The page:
The medical evidence in this case, which the Government did not contest, showed that the first applicant suffered a severe beating (see § 13 above). In the view of the Court, the severity of this treatment was certainly such as to bring it within the scope of Article 3.
The issue to be determined is whether this ill-treatment is attributable to the police. The Court is sensitive to the subsidiary nature of its role and recognises that it must be cautious in taking on the role of a first-instance tribunal of fact where this is not rendered unavoidable by the circumstances of a particular case (see, among other authorities, McKerr v. the United Kingdom (dec.), no. 28883/95, 4 April 2000). However, where allegations are made under Article 3 of the Convention, the Court must conduct a particularly thorough scrutiny (see Ülkü Ekinci v. Turkey, no. 27602/95, § 135, 16 July 2002) and will do so on the basis of all the material submitted by the parties.
The Government denied any responsibility for the first applicant's injuries, arguing that all of these were sustained before arrest. The Court notes that there is nothing in the file to suggest that the first applicant resisted arrest. The three men who apprehended the first applicant also denied harming him, and confirmed that the police did not ill-treat him. They stated that he received a head wound when he tried to hide in a ventilation duct. The Court observes that this does not fully account for the injuries documented on the first applicant. At the same time, it accepts that some of the first applicant's injuries were sustained before the arrival of the police (see § 8 above). The origin and extent of those injuries are unclear, though. The statements made by the police and the three men suggest that most of the first applicant's injuries were inflicted by the two persons alleged to have brought him to the building in the first place. It does not appear however that the authorities took any steps to question these persons. The Court will revert to this point in considering the procedural aspect of Article 3.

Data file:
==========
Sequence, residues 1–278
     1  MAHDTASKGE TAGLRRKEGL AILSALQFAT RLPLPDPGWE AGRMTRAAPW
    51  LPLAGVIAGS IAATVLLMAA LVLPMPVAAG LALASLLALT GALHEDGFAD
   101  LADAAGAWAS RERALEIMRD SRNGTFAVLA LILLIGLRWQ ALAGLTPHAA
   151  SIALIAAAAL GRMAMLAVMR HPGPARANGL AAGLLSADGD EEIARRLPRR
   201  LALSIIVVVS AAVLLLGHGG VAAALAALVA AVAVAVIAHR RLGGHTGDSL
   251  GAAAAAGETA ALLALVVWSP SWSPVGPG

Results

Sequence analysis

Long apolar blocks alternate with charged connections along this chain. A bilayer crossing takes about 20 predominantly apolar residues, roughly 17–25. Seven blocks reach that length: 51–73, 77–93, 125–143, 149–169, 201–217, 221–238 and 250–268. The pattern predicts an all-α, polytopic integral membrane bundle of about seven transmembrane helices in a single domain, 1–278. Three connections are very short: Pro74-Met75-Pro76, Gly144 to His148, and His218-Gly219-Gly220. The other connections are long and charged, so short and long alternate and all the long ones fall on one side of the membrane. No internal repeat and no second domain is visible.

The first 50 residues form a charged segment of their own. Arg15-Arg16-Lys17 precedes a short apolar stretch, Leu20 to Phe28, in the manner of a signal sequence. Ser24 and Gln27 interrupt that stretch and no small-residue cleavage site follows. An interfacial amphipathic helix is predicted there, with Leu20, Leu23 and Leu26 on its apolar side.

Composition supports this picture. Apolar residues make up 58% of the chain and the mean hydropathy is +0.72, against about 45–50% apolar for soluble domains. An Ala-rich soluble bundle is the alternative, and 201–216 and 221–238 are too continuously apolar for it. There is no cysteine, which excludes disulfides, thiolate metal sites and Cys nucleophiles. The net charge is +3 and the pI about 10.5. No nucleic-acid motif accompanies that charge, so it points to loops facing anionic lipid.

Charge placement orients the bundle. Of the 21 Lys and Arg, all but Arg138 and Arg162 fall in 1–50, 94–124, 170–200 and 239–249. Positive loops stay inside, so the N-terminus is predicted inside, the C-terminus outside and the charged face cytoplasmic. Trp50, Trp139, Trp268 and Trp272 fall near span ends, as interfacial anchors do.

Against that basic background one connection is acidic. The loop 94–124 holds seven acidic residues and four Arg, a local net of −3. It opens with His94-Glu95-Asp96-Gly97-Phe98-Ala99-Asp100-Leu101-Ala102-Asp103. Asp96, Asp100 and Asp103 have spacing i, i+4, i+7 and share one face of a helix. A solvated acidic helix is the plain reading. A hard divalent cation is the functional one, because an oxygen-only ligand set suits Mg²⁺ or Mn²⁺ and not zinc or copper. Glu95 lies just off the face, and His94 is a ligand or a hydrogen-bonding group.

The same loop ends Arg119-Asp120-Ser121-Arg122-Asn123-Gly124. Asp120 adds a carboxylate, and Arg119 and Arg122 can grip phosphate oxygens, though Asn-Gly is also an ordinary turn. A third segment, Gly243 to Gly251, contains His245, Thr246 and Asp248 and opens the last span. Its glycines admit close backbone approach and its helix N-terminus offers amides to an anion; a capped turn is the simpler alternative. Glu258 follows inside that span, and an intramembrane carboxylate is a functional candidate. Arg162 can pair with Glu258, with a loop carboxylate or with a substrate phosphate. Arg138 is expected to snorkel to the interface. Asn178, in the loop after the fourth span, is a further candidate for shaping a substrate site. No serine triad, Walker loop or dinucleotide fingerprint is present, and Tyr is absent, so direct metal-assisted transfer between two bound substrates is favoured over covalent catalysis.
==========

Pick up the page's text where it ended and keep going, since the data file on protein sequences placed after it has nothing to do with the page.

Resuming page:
Since the first applicant was not medically examined upon arrival at Ciocana police station, his physical condition at that point in time is not known. While some of his injuries, in particular the bruises on his back, were consistent with his allegations of being struck by truncheons, the possibility that these were inflicted before his arrest cannot be excluded. The Court finds it impossible to establish whether or not the first applicant's injuries were caused as alleged. This calls into question the effectiveness of the investigation into the applicants' allegations, which the Court will consider below (see Petru Roşca v. Moldova, no. 2638/05, § 42, 6 October 2009).
Even though it has not been established that the first applicant was actively ill-treated by the police, the fact remains that despite his obvious signs of serious injury, he received no medical care or treatment during the whole period of detention. The Government merely stated in their observations that detainees have the right to request medical assistance, and that there was no record of the applicant having made any such request. The Court considers this a wholly inadequate response, all the more so given that the first applicant was a minor at the time. In this respect it refers to and endorses the criticism expressed by the CPT of the attitude taken at Ciocana police station towards detainees requiring medical attention (see § 21 above). The Court therefore considers that the first applicant was subjected to inhuman treatment.